Saturday, January 22, 2011

Hobos hacking on Rails

Testing my newly found programming confidence, I started hacking up an example survey form for a client. I tried Hobo, which led to some interesting observations about what Agile really means.

One moment my sample app was working, the next it was not. The problem was that I had generated a resources controller and model combination with a name that Rails did not like.

I checked over the model names and use ack to search for deviances. Convention over configuration, they say, except that nothing appears to be deviating. Somewhere along the line something got mixed up, and now it doesn't just work. Instead it broke the whole application.

Well, that points up a couple of ugly properties of Rails apps.

Small changes have an application-spanning impact

Pre-Web languages, such as C and Perl, have their issues with program structure and encapsulation, but Ruby on Rails (and other Web frameworks) have nothing to write home about in this respect: it is trivially easy to expose your system to breakage.

The thing Rails does right is to help ensure that such changes don't get pushed out to production. That's the test-first methodology. The thing it does wrong is a feature: the use of English language part-of-speech heuristics to create mappings amongst the MVC components. It gets it wrong about 10% of the time, that is to say, I get it wrong but the framework makes it easy to do so and hard to spot the location of the incorrect guesswork.

I'd rather not have to keep fixing the 10% or so times when the heuristics don't match the way I want to phrase the solution. But heuristic gaps are correctable; the persistent itch is that the framework wants to tell me to stick to a formula but hides all the wiring that would tell me where and how I'm crossing the lines, and translates tiny errors into epic fails.

A System That Uses HTML Is Not A Hypertext System

MVC frameworks are not really Web application frameworks but application frameworks that utilize the syntax of Web technologies to communicate. That is not easily correctable by slight alterations in practice.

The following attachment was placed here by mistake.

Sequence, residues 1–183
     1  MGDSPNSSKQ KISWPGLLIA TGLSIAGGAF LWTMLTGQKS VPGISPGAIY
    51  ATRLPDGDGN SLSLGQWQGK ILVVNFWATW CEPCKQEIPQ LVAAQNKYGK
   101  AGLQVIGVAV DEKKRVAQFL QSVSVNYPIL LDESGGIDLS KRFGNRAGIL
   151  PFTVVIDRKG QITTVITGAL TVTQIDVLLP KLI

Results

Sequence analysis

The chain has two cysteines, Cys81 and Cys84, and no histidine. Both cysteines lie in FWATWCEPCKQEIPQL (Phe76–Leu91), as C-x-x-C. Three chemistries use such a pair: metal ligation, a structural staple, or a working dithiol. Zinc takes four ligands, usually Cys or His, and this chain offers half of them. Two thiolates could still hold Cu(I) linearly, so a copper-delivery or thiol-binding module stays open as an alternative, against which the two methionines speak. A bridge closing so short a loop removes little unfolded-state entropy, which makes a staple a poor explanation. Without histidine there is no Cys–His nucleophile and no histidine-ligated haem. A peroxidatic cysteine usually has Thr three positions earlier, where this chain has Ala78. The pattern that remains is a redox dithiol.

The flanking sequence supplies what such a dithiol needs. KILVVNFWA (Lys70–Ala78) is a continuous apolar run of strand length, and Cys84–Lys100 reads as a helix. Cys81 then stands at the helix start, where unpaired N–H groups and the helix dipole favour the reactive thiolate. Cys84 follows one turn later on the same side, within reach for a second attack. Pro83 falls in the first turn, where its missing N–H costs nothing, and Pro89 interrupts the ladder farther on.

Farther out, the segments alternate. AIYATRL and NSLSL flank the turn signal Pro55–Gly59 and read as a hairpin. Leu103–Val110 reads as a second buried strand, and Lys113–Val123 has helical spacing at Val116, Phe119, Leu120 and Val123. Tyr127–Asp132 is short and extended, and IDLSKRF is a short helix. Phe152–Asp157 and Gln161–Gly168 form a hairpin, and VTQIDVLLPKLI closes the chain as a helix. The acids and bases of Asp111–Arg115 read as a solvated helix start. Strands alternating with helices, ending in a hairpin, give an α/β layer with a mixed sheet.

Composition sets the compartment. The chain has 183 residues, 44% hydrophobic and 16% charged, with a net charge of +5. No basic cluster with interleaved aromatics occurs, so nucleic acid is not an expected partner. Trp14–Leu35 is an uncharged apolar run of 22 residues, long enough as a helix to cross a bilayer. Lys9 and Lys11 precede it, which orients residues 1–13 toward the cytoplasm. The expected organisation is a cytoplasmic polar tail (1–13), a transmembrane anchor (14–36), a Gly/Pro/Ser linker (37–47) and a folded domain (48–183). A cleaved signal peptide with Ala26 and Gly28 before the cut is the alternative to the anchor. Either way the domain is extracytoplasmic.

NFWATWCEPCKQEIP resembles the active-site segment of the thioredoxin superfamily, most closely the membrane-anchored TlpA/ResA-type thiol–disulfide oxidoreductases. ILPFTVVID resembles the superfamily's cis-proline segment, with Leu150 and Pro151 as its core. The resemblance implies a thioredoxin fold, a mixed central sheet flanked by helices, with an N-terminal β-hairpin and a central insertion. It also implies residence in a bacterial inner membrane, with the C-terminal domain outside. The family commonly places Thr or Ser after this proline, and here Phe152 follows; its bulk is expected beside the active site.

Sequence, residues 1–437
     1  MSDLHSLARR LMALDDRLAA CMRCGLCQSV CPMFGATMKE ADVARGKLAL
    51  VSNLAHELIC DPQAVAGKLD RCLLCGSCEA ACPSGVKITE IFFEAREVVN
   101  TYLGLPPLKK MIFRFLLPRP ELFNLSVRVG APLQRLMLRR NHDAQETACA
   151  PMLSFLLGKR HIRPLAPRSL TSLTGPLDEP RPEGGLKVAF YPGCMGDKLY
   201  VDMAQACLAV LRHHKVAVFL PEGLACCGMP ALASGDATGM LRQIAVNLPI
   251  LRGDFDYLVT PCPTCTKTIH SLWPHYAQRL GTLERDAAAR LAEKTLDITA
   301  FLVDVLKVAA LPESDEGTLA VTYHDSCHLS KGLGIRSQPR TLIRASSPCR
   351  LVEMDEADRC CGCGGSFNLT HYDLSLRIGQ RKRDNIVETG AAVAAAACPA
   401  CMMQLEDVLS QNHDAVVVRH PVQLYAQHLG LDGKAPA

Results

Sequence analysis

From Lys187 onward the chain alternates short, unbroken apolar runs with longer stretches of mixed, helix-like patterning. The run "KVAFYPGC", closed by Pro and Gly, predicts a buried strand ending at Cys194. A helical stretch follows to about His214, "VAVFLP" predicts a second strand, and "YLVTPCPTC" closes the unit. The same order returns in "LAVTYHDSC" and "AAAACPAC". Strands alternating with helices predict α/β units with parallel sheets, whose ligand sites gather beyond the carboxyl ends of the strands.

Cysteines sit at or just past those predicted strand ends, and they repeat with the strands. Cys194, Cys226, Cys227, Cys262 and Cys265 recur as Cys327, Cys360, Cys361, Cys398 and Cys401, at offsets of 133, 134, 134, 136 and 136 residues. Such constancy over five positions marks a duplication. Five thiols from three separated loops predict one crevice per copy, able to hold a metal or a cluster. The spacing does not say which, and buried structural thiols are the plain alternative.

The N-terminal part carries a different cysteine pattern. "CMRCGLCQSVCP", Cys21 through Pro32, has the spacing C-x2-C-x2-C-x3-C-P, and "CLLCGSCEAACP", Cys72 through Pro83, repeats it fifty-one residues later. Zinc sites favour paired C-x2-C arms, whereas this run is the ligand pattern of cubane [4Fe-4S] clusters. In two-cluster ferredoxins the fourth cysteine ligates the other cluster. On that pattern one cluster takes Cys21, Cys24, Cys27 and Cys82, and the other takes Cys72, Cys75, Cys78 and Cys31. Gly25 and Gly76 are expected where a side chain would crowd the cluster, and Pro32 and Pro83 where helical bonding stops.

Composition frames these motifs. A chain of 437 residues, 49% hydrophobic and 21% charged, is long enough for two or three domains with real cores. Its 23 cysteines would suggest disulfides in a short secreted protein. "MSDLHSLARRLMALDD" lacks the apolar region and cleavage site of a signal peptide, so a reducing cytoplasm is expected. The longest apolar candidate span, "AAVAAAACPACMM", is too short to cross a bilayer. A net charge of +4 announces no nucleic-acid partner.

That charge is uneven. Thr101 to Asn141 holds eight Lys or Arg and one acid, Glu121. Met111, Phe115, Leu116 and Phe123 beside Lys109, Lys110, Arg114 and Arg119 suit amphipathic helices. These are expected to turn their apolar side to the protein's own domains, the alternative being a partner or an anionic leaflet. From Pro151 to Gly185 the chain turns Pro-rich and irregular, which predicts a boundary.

State representations and transitions in a Rails app are all wired up through explicit code. Each entity is identified by a row number and associated by integer relations (this management strategy is reminiscent of DBase, but what "relational database" means and how Rails isolates the database layer is another discussion altogether). MVC uses views that spit out markup, but in themselves, views do not comprise state representations.

The RESTful Web uses links to stepping through the state space, and delivers markup documents that embody the current state representation along with the transition paths. That takes a kind of markup calculus to implement. Although Rails attempts to derive MVC patterns and hides a lot of its complexity in convention and meta-programming, there is an essential difference in the level of logic at play in the reduction of a solution.

A url format does not makes a system RESTful. A framework that stores almost all but not quite everything in sessions, and wires up features in point-to-point coding is doing what amounts to a Web algebra. That is very un-RESTful. Rails is on the top of the MVC heap, but what MVC platforms do is a little of the wrong sort of bespoke calculus mixed with a lot of idiomatic algebraic logic.

Bottom Line

MVC platforms are more than a slight inductive mismatch to the RESTful archetype. In my humbler opinion, REST requires a comprehensive markup calculus to accomplish. An effective REST platform should provide comprehensible algebraic representations and coherent integration and derivation techniques that do not require nail-up code to implement, conventions not withstanding.

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